This was explained to me by an ex-chief climate negotiator (he was also an ex-secretary to the Ministry of Environment, Forest and Climate Change). He told me, "We do not know what is equitable, but we do know what is inequitable and a deal should not be inequitable". This essentially meant, as he explained, that India was quite happy to see weak commitments from developed countries so long as they didn’t oblige India to do anything significant, or anything that would appear to, or actually, hurt India’s growth. India, therefore, has remained stuck to the UN Convention, maintaining status quo in climate talks, so that it does not get pushed to do more.
Indeed, not being obliged to do more became the cornerstone of India’s stance in climate conferences. Even if that meant that the developed world didn’t do anything, or got away with climate action murder.
Let me put on record that India, at the Warsaw CoP of 2013, actually opposed any mention of the "Equity Reference Framework"—a framework proposed by the Africa Group to operationalise equity. And India actually proposed, again at the Warsaw CoP, the name "Intended Nationally Determined Contributions" or INDCs, which has led to developed countries walking away without any mitigation targets and has ensured that historical responsibility is now in the dustbin of multilateral history. India, therefore, played a key role in arriving at a voluntary, bottom-up, self-differentiated climate regime agreed at Paris that endangers India’s "development space" as well as the lives and livelihoods of its poor from the increasing impacts of climate change.
India’s status-quoist, don’t-ask-me-to-do-more approach has meant that we have always lost, bit by bit, CoP by CoP, year after year. This has also meant that countries who should have been on India’s side believe India has a very self-centered approach to climate negotiations. Those who are our opposition brand us as reactionary and obstructionist. We, therefore, need to change.
The Paris Agreement is not the end, but the beginning of negotiating future action. Many important components of the Paris agreement—review and ratcheting-up INDC ambition; how finance will be delivered and reported, how reporting and transparency will be enabled; how the carbon market will function—are still to be negotiated. Negotiations in the coming few years, therefore, are going to be very important.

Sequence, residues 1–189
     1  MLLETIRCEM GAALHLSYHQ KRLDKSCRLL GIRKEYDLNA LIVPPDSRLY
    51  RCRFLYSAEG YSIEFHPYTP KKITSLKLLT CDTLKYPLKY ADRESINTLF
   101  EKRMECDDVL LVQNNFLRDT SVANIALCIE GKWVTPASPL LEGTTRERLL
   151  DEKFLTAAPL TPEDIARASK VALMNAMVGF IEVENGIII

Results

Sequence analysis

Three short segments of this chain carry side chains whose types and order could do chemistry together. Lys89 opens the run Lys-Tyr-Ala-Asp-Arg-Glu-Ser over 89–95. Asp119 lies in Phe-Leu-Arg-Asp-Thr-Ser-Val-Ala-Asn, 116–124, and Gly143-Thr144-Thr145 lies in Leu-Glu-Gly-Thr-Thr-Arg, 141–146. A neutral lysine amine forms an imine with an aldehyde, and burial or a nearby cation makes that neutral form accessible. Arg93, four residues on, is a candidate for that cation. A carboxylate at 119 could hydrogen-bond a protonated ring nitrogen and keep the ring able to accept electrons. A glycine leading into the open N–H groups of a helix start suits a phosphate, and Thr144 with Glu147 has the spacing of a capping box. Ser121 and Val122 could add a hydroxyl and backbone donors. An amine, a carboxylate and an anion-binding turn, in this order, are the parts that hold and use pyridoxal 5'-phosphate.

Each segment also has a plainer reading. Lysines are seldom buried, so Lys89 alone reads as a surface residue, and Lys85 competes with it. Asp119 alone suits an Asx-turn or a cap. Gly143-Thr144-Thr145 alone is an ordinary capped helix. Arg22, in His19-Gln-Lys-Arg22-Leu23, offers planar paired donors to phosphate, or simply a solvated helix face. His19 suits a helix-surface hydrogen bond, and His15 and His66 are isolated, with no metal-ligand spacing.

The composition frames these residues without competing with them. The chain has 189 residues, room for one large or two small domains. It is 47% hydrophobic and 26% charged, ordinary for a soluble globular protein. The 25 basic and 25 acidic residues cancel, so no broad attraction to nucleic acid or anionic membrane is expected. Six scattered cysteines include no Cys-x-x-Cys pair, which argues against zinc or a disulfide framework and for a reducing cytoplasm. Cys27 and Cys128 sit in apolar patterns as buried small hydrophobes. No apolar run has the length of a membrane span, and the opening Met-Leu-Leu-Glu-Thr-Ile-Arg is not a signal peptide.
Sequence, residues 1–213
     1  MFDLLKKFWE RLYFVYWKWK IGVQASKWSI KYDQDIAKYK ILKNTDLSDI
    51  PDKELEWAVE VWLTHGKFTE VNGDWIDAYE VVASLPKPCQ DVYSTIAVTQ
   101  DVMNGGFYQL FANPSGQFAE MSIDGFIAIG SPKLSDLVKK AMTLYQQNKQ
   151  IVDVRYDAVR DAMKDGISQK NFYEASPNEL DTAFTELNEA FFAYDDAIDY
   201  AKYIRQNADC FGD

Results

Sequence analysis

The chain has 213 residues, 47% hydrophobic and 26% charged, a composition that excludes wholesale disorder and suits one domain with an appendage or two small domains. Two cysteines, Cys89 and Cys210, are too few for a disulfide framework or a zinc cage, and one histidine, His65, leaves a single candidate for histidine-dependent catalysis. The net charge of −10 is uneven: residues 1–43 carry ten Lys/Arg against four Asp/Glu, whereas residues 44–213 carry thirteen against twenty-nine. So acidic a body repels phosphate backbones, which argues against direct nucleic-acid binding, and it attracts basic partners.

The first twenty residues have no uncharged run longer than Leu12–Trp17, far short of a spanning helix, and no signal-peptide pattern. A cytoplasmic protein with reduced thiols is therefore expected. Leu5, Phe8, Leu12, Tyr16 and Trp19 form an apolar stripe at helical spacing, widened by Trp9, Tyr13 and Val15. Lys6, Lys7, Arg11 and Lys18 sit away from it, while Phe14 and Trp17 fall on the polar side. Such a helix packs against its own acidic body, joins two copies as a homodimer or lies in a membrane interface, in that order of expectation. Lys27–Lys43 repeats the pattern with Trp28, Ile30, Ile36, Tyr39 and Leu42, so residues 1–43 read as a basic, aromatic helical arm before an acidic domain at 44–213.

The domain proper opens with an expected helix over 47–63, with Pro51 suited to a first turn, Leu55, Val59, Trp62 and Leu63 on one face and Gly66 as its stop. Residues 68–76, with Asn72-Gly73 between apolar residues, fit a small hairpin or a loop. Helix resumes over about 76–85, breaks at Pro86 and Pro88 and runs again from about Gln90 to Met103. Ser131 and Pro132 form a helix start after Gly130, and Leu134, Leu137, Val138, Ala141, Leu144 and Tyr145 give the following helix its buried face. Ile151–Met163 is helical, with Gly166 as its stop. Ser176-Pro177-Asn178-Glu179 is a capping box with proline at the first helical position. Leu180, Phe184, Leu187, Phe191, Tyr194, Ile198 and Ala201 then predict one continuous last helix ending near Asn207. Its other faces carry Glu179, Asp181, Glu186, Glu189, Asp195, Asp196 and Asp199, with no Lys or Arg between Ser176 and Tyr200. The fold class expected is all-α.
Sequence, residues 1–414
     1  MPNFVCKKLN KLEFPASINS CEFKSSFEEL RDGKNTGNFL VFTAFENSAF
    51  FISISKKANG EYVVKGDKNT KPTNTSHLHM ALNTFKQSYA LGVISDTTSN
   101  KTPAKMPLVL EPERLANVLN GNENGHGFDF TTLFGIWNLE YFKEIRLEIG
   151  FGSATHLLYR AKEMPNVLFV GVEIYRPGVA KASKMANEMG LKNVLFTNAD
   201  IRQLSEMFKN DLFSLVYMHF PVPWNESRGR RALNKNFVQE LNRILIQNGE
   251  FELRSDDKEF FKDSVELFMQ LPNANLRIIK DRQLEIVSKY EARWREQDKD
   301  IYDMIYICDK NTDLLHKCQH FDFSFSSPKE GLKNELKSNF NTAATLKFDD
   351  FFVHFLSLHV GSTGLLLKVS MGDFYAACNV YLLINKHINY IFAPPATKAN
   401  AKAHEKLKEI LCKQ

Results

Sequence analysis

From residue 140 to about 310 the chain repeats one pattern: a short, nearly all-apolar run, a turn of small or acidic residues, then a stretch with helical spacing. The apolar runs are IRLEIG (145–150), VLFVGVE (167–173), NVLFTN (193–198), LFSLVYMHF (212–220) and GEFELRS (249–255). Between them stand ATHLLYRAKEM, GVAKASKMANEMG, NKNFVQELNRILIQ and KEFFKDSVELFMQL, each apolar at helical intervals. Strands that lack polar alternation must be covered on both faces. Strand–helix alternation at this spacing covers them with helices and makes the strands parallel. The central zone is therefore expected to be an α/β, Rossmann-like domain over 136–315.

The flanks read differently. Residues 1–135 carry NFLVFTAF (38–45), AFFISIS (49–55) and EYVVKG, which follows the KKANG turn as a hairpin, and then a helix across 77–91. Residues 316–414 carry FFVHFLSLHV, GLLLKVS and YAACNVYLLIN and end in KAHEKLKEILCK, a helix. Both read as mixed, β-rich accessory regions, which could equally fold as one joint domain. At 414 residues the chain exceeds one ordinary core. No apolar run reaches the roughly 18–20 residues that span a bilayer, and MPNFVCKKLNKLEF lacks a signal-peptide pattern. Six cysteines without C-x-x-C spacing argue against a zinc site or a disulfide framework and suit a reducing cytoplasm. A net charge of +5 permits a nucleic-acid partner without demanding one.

I do believe that, at the Paris conference, the current Indian negotiating team did try doing things differently. For instance, it did use the idiom of carbon space smartly as a bulwark to get equity or CBDR mentioned in the text. It could not do more because it was too saddled with the burden of its negotiating-position history and its past intransigence and collusion. We will have to forget the past and look to the future. We have enough hooks in the Paris agreement to shape it our advantage. But to do that, we will need a new narrative, a new strategy and new allies. We will also need serious institutional support to do all these.
It is important for India to realise that it goes to negotiations and raises issues related to the poor—equity, for one, or climate justice etc—but aligns itself to and negotiates along with rich developing countries like China or Saudi Arabia. Today, poorer countries do not trust India at all. They see India as part of the problem and not the solution. At the same time, India hardly has anything in common with the rich, developing countries. This is a mismatch we need to recognise.
The fact is China, Brazil and South Africa made deals with the US and EU and have moved on. India has to decide what it wants. The call that India has to take is whether it wants to remain with the poor or with the rich. It can’t ride both horses. And only realpolitik, not false or smug morality, shall determine what India shall do in the future.